The <header> tag

The header normally contains some kind of repeated content not directly related to the rest of the page. The specification defines it as “a group of introductory or navigational aids”, which could include a logo, site-wide navigation or a search function. There can be multiple <header> elements on a page. For example, a blog’s home page could contain a <header> tag for each post it displays.

The <nav> tag

Most sites will have an area dedicated to navigation. This can include links to specific areas of the site or a breadcrumb style hierarchy. Not all links need to be within one. Only collections of links in other parts of the page would be candidates for their own <nav> element, but this is dependant on the context.

A common pattern is to include links to a privacy policy or contact page in the footer. If this area makes use of the <footer> element, this is enough to identify these links as site navigation and there is no need to use a separate <nav> tag.

The <main> tag

The <main> element is the focal point of each page. Outside of the page’s header and footer, all other content should be inside here. There should only ever be one <main> on a page. Assistive technologies such as screen readers can detect this element and allow users to skip straight to the content.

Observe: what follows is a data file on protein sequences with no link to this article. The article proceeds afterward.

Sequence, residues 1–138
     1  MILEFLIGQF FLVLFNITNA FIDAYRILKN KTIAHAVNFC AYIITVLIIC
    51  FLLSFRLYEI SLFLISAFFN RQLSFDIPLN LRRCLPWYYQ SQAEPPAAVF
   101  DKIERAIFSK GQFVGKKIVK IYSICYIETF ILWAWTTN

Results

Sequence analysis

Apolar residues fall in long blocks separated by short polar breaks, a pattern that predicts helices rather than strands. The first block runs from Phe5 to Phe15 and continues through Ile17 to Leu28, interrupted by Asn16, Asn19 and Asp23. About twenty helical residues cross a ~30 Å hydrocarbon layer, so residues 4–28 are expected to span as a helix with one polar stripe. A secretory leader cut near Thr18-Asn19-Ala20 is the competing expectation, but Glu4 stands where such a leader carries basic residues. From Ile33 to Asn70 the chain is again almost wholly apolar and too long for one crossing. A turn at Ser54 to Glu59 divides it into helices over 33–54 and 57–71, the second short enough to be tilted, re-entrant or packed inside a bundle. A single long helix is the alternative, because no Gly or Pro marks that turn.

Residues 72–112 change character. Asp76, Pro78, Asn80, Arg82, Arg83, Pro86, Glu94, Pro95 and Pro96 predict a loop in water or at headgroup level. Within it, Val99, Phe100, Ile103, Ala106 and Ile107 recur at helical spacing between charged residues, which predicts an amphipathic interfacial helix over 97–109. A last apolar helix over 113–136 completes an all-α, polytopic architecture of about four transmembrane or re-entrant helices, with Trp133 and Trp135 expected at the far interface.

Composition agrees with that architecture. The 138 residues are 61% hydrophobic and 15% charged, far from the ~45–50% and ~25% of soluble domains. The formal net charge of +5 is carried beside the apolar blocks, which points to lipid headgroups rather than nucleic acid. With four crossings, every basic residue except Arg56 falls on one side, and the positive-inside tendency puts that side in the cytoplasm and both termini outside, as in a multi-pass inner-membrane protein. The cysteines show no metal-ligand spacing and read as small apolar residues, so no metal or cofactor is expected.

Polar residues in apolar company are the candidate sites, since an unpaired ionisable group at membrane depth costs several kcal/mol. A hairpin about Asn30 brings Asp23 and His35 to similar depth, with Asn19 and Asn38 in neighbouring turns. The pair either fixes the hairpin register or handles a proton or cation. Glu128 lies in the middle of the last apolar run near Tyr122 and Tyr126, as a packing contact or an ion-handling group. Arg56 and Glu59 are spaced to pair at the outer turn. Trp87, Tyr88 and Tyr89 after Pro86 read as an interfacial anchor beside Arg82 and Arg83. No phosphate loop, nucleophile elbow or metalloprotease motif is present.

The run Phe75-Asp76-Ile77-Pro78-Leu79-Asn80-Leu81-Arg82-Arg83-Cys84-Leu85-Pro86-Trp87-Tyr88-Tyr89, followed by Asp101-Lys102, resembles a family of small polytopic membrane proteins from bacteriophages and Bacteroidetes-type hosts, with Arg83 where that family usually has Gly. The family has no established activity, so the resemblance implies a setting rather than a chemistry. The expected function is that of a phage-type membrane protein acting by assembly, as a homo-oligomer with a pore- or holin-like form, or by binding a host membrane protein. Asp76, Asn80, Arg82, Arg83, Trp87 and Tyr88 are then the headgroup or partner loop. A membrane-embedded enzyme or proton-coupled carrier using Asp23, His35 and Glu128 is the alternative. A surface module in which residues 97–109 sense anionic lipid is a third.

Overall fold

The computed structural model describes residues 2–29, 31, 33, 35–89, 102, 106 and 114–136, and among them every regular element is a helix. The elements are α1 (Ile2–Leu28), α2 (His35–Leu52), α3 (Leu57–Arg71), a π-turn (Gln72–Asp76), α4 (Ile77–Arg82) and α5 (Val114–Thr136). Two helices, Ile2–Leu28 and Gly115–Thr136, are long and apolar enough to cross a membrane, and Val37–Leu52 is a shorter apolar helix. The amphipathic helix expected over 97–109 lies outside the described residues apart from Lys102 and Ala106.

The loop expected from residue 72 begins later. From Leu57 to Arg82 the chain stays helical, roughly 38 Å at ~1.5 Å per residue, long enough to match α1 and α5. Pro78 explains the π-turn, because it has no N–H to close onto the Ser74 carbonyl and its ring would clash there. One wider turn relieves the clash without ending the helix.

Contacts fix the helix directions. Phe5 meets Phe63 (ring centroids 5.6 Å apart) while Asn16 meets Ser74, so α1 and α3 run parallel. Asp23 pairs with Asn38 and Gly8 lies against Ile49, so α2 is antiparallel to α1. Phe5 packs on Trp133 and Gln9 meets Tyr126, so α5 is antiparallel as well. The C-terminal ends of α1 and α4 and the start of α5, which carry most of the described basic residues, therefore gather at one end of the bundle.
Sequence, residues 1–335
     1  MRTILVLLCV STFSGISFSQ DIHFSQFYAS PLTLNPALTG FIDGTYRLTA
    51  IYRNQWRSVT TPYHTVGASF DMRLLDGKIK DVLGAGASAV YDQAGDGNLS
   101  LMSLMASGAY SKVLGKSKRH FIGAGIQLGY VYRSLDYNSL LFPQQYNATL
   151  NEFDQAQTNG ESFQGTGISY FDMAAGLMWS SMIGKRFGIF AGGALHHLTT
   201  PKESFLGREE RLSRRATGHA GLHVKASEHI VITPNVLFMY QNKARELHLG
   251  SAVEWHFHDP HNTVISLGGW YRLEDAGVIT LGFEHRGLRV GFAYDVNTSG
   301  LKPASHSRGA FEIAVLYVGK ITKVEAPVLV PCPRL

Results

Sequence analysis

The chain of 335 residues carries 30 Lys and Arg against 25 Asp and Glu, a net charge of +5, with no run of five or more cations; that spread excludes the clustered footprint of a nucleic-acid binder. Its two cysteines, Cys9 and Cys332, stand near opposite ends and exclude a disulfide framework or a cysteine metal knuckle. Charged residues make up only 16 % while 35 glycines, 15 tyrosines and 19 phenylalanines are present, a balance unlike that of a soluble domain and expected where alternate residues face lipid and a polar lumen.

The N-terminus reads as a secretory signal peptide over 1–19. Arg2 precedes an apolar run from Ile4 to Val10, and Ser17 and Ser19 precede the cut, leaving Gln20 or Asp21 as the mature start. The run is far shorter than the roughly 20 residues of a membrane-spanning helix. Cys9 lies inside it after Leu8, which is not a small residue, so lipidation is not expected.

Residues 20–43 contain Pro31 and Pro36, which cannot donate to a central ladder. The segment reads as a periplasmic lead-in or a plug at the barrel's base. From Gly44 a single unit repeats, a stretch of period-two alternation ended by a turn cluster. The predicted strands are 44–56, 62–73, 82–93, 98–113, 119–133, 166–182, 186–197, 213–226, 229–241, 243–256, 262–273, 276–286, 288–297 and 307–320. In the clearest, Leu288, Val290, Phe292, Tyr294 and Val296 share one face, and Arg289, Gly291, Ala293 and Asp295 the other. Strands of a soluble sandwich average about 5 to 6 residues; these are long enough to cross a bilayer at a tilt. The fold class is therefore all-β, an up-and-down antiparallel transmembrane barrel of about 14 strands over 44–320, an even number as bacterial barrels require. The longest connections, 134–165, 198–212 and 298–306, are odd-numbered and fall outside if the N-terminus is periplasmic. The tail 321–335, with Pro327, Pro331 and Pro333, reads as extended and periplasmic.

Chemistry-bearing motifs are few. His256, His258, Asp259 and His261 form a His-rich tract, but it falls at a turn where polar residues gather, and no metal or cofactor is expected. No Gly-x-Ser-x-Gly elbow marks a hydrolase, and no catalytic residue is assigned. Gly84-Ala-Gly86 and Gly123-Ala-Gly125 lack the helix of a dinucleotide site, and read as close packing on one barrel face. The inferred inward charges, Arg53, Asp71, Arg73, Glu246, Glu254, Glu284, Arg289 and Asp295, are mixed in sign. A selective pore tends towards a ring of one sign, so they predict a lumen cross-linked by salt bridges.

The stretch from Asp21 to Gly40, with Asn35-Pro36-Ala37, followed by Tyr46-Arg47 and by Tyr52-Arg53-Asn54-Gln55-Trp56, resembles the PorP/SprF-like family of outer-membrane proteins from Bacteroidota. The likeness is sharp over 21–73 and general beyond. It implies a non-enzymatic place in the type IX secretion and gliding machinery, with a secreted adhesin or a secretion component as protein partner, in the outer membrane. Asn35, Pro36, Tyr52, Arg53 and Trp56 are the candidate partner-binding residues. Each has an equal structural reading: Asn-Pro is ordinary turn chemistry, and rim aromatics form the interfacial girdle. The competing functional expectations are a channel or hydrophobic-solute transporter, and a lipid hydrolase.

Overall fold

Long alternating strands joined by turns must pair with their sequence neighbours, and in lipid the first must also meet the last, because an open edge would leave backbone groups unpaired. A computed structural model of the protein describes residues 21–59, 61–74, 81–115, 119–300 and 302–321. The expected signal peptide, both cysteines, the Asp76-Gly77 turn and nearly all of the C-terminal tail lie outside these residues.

HTML tags

Semantic tags such as <header> help the browser recognise specific content (Image credit: Matt Crouch)

The <aside> tag

As the name suggests, the <aside> element contains information that is related to the main content of the page. The information inside this element could exist separate from everything else and not lose context. The most common use for this element is a sidebar navigation or to run adverts alongside the <footer>.

A <footer> element contains any summarising information about the page. For many websites, this includes an address, copyright information or links to supplementary pages. There is no requirement to always have a single footer at the bottom of the page. It can be placed anywhere – including inside other sections – or not included at all.

The <article> and <section> tags

The W3C specification defines <article> and <section> in a similar way. Both are designed to group distinct pieces of a page together. A key difference is composition. An <article> is designed to be self-contained. The contents inside of it would make sense as a standalone piece. Examples of this include a blog post, a user comment or an embedded tweet.

In contrast, a <section> groups together multiple parts of a page together that would otherwise have no other semantic meaning. These would lose their meaning if separated. Examples of this include a group of related paragraphs, a chapter of a book or a single tab as part of a tabbed interface.